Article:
Source Evaluation, Comprehension, and Learning in Internet Science Inquiry Tasks
Jennifer Wiley, Susan R. Goldman, Arthur C. Graesser, Christopher A. Sanchez, Ivan K. Ash, Joshua A. Hemmerich
American Educational Research Journal Volume 46, Number 4, ISSN 0002-8312
In two experiments, undergraduates' evaluation and use of multiple Internet sources during a science inquiry task were examined. In Experiment 1, undergraduates had the task of explaining what caused the eruption of Mt. St. Helens using the results of an Internet search. Multiple regression analyses indicated that source evaluation significantly predicted learning outcomes, with more successful learners better able to discriminate scientifically reliable from unreliable information. In Experiment 2, an instructional unit (SEEK) taught undergraduates how to evaluate the reliability of information sources. Undergraduates who used SEEK while working on an inquiry task about the Atkins low-carbohydrate diet displayed greater differentiation in their reliability judgments of information sources than a comparison group. Both groups then participated in the Mt. St. Helens task. Undergraduates in the SEEK conditions demonstrated better learning from the volcano task. The current studies indicate that the evaluation of information sources is critical to successful learning from Internet-based inquiry and amenable to improvement through instruction. (Contains 2 figures and 7 tables.)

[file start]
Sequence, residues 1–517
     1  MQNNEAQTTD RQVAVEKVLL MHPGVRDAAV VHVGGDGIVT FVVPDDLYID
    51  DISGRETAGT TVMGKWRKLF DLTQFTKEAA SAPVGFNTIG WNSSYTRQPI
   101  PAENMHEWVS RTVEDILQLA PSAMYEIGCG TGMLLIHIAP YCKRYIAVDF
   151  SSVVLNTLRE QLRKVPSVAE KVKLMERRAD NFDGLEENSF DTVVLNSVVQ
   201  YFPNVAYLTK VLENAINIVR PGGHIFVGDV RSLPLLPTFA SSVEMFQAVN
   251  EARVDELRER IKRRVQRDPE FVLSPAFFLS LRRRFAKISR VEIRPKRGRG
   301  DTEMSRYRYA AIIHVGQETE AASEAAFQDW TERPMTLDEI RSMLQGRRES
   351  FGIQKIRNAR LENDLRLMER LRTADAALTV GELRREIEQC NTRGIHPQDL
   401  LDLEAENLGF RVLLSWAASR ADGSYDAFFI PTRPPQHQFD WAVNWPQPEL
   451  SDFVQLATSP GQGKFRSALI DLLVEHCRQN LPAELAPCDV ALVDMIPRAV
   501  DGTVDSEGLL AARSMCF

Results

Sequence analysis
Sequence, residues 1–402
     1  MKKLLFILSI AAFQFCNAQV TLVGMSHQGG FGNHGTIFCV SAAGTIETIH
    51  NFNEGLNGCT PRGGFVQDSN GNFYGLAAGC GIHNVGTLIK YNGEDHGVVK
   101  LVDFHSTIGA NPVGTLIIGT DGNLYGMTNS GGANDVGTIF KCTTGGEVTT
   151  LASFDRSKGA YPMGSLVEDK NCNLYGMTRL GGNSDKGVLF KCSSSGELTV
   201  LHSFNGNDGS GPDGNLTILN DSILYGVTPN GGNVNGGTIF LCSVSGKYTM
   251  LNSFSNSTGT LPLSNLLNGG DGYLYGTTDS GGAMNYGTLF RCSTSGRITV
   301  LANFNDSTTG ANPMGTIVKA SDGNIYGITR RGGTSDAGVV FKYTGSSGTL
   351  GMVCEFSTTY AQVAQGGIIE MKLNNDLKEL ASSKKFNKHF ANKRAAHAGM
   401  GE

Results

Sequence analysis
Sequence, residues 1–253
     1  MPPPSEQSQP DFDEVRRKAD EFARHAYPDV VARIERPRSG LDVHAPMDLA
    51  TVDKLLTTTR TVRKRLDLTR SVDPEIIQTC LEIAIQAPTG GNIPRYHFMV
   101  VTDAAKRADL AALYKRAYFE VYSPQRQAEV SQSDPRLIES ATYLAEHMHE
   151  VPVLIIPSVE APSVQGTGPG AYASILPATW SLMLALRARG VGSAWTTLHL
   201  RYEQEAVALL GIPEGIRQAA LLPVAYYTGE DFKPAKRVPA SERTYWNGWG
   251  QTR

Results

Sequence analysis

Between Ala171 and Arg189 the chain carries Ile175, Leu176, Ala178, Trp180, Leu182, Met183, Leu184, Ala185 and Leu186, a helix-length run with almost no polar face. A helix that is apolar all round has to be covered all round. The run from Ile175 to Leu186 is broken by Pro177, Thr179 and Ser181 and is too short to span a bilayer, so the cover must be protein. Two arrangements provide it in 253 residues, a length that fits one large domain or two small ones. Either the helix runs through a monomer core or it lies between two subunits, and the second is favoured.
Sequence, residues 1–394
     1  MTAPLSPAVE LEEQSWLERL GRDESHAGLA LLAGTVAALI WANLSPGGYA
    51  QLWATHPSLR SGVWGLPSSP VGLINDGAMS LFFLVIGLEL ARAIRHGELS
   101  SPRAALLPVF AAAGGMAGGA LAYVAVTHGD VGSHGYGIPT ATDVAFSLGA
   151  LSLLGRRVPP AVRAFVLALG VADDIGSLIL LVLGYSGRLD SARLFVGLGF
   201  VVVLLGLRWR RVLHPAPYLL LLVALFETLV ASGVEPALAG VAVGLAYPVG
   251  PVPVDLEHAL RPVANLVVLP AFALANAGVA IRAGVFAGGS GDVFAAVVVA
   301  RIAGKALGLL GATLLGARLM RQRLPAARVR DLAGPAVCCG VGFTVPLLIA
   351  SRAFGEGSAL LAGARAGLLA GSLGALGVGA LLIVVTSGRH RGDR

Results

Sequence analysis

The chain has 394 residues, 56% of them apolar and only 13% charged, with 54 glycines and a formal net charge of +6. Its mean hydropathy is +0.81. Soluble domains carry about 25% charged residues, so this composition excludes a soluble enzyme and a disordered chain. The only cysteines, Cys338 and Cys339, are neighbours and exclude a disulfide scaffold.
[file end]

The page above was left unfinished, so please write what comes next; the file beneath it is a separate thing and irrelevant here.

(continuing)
Wiley, J., Goldman, S.R., Graesser, A.C., Sanchez, C.A., Ash, I.K. & Hemmerich, J.A. (2009). Source Evaluation, Comprehension, and Learning in Internet Science Inquiry Tasks. American Educational Research Journal, 46(4), 1060-1106.